In our present analysis, current smokers had a significantly reduced incidence of reinfarction. Current smoking status remained a strong and independent negative predictor of reinfarction after adjustment for differences in age, sex, prior MI, and other comorbidities that have accounted for the paradoxical benefit of smoking on survival after MI in other studies.20,21 The influence of smoking on reinfarction also was examined in the International Tissue Plasminogen Activator-Streptokinase Mortality Trial. Barbash and colleagues22 reported that active smokers had significantly lower rates of in-hospital reinfarction compared with exsmokers and nonsmokers (2.7% versus 5.0% versus 4.7%, respectively; P<0.001). Similarly, the TIMI II investigators have shown that current nonsmoking was the only independent predictor of nonfatal reinfarction occurring within 3 years of the index MI (relative risk, 1.3; 99% CI, 1.0 to 1.8).13 However, this “protective” effect of smoking may be lost quickly. Our present study was not designed to capture postdischarge reinfarction events, but other investigators have shown a 4-fold higher rate of reinfarction at 1 year in patients who continue to smoke versus those who stop smoking.20
Death or Reinfarction
Reinfarction after fibrinolysis has been understudied because of uncertainty over its clinical and prognostic meaning. By showing that reinfarction is a strong, independent predictor of mortality, our analysis supports ongoing clinical trials of strategies to prevent early reinfarction. In our logistic model, advanced age, higher Killip class, systolic blood pressure, heart rate, and anterior MI location were most strongly associated with the composite outcome of death or reinfarction. Advanced age was the single most predictive factor of reinfarction and the composite event of death or reinfarction, which affirms its powerful role in risk stratification after MI. Models for reinfarction and death or reinfarction differed somewhat. Hemodynamic factors (Killip class, heart rate, and blood pressure) and anterior MI location were more strongly associated with survival and the composite outcome than with reinfarction. We propose that the variables above be considered in future analyses of this composite end point, with the hope that our models may allow physicians to better risk-stratify patients and compare new therapies.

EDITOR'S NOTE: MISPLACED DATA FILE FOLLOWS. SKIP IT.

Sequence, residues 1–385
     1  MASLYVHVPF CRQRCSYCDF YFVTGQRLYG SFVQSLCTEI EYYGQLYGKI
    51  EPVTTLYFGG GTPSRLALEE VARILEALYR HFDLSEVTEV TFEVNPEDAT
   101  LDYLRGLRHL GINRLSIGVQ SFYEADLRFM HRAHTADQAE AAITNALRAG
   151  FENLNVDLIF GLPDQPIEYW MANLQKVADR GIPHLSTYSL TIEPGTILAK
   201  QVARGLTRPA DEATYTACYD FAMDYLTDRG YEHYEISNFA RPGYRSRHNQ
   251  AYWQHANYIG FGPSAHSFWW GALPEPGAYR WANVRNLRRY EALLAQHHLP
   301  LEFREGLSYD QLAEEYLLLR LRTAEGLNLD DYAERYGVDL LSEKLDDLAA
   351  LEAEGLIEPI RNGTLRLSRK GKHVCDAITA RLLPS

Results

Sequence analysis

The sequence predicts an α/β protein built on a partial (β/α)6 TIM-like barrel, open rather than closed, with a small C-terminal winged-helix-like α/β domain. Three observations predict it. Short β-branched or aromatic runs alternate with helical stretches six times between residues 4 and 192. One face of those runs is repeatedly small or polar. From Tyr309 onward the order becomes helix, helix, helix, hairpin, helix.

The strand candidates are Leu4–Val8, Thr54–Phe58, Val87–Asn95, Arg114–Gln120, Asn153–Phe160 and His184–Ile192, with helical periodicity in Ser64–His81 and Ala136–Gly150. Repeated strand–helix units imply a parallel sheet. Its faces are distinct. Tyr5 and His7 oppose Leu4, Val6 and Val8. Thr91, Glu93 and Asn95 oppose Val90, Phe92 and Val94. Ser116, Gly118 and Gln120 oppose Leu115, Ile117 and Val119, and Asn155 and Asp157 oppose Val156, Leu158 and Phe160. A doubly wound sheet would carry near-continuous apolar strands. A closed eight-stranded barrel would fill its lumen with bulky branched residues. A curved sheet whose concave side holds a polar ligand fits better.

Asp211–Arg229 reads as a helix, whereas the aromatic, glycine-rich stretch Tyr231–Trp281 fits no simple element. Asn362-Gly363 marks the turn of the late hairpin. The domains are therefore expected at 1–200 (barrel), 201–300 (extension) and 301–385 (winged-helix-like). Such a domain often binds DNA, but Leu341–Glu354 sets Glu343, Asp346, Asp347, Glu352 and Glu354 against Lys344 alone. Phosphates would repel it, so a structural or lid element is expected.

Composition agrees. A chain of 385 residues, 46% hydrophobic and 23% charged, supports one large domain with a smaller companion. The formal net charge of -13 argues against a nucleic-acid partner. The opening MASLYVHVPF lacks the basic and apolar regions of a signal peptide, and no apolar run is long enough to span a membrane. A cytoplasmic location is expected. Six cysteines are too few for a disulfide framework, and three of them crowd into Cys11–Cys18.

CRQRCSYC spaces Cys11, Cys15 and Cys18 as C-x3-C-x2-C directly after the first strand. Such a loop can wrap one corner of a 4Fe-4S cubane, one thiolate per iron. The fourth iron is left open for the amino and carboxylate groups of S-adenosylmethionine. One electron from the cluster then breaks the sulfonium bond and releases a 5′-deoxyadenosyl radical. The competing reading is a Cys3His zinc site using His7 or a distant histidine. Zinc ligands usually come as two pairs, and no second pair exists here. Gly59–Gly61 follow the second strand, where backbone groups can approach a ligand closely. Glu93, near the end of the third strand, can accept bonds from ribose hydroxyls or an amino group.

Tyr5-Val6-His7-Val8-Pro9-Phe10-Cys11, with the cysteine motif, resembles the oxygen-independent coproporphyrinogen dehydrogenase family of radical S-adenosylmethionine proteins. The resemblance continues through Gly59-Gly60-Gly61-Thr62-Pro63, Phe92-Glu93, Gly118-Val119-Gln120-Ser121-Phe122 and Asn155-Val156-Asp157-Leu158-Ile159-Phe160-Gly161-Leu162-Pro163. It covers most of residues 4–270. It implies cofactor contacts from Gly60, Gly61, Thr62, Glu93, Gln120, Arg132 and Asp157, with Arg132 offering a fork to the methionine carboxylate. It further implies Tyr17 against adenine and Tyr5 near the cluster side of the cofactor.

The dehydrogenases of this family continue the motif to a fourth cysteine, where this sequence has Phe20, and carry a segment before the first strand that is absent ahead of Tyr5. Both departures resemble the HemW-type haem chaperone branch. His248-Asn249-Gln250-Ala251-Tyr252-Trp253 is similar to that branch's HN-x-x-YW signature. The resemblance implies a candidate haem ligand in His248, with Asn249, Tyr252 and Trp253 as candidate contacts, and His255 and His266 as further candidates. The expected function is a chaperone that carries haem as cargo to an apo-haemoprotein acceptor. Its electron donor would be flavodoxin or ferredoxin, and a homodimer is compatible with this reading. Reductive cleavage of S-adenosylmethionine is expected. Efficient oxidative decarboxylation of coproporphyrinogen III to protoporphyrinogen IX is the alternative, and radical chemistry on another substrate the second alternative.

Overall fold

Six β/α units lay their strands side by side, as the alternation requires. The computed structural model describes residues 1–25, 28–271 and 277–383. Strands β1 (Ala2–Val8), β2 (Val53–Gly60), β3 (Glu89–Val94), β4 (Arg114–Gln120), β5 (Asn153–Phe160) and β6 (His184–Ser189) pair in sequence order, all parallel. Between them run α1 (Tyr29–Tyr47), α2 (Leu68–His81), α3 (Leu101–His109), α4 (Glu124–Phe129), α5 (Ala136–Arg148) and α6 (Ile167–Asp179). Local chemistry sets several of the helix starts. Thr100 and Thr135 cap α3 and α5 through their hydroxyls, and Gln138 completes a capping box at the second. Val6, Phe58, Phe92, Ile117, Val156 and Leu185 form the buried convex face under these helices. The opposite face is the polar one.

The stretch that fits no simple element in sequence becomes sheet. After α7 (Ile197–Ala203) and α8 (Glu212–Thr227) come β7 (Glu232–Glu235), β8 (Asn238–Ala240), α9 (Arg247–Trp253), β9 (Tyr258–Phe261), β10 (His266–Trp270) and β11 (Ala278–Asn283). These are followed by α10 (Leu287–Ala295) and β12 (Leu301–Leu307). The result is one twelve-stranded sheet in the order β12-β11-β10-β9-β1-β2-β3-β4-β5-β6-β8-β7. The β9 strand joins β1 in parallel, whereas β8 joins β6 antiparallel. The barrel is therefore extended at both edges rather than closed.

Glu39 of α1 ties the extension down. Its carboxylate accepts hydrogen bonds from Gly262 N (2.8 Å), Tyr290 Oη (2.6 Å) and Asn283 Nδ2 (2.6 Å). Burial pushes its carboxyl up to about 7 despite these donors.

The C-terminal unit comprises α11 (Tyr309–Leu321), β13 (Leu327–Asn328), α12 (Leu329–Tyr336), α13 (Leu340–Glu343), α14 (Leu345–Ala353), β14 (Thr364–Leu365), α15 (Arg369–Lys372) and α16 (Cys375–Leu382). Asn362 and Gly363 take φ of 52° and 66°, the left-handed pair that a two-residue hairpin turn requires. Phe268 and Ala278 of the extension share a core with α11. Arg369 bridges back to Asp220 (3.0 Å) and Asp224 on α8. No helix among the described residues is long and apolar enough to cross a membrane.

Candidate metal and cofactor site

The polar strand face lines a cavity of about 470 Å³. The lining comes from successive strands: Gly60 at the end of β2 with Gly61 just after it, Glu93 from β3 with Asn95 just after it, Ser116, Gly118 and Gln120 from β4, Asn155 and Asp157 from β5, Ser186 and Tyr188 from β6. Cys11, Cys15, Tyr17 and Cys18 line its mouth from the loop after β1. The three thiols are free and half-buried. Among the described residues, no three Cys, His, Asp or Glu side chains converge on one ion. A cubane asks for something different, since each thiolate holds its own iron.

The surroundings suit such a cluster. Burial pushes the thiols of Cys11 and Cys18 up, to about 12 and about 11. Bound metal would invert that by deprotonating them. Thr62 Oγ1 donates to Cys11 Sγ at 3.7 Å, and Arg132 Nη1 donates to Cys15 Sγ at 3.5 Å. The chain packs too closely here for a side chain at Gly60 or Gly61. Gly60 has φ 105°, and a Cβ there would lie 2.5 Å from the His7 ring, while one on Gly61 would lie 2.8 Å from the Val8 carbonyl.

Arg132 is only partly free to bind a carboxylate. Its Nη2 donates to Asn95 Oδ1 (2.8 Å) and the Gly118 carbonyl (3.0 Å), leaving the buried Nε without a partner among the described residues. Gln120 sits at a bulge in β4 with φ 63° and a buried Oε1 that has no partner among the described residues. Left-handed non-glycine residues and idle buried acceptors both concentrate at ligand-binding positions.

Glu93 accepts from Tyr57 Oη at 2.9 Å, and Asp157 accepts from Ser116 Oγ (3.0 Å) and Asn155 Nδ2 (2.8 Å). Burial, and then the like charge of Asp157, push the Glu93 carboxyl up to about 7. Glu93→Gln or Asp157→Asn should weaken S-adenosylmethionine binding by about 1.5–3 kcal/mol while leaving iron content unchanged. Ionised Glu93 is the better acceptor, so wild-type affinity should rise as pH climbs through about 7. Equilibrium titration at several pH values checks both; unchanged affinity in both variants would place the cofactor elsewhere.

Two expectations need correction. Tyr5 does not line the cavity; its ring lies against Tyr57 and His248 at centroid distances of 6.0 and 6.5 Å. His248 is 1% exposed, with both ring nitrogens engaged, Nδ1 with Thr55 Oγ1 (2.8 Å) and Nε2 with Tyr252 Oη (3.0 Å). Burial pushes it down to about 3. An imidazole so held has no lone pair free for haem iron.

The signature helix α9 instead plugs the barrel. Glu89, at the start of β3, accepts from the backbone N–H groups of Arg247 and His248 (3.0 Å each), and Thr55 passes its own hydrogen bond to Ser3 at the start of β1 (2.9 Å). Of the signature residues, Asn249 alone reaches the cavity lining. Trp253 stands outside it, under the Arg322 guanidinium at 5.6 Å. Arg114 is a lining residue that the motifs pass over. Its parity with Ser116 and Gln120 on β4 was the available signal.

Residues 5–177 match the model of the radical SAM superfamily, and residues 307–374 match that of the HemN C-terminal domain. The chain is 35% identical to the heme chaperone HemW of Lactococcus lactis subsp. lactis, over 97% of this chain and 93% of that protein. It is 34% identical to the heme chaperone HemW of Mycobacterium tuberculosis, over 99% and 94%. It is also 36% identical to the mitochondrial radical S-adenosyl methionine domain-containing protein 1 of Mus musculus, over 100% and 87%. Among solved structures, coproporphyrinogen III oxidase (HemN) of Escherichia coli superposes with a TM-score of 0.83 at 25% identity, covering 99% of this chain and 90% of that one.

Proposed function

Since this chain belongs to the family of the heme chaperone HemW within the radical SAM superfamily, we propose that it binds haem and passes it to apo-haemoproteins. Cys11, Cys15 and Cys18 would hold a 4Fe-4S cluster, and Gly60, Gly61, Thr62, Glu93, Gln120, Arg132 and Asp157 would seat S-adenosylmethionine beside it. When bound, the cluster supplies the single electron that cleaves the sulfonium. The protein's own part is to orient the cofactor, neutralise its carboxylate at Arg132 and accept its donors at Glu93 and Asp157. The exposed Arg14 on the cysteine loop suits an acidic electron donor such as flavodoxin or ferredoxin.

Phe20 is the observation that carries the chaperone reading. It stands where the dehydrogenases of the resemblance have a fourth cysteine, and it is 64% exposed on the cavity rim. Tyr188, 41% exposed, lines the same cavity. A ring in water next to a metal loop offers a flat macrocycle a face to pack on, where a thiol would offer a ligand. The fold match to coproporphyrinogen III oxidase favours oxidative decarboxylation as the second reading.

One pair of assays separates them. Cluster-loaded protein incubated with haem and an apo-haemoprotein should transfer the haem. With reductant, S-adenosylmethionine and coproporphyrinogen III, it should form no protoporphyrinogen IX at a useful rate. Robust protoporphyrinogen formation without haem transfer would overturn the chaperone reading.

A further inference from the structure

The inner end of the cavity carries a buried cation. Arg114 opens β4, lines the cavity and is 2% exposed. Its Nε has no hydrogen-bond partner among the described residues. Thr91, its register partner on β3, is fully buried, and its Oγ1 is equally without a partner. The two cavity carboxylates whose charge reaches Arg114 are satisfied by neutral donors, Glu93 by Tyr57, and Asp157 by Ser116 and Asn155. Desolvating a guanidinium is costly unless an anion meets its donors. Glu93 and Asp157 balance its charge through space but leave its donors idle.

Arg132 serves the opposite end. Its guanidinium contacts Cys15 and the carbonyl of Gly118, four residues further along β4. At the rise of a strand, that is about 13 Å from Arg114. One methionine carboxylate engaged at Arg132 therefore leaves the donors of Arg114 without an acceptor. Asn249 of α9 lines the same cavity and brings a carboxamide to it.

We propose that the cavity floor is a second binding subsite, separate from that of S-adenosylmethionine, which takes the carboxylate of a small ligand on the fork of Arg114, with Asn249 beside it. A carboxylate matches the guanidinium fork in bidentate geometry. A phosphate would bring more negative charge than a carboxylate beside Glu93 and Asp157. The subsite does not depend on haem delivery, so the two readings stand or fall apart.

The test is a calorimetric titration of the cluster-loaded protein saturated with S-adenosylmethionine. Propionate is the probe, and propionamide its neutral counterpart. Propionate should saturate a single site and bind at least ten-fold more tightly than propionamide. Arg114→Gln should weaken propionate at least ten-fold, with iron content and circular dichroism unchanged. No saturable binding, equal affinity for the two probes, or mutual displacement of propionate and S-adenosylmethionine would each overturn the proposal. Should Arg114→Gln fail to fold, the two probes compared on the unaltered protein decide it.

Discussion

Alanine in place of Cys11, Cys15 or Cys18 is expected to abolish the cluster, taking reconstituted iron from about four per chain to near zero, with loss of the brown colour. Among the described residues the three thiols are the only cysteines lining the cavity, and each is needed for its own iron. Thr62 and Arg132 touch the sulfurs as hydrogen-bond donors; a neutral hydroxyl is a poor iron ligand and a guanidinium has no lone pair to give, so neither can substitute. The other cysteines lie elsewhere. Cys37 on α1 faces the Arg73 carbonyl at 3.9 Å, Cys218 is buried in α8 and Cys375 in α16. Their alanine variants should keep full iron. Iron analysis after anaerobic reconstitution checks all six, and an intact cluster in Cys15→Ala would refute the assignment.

Reinfarction was a prespecified secondary end point in both trials, and supporting clinical data were collected prospectively. Nevertheless, the present analysis has several limitations. Detection of reinfarction was suboptimal compared with current trial standards, because investigators had no standard, protocol-defined instructions for collecting cardiac enzymes or ECGs after revascularization or ischemic episodes. Reinfarction events were not adjudicated by an events committee, nor were medical records, cardiac-marker results, or ECGs reviewed for missed reinfarction events. Reliance on investigator reporting of “soft” end points such as MI, rather than standardized adjudication, can make a substantial difference in the reported incidence of the end point.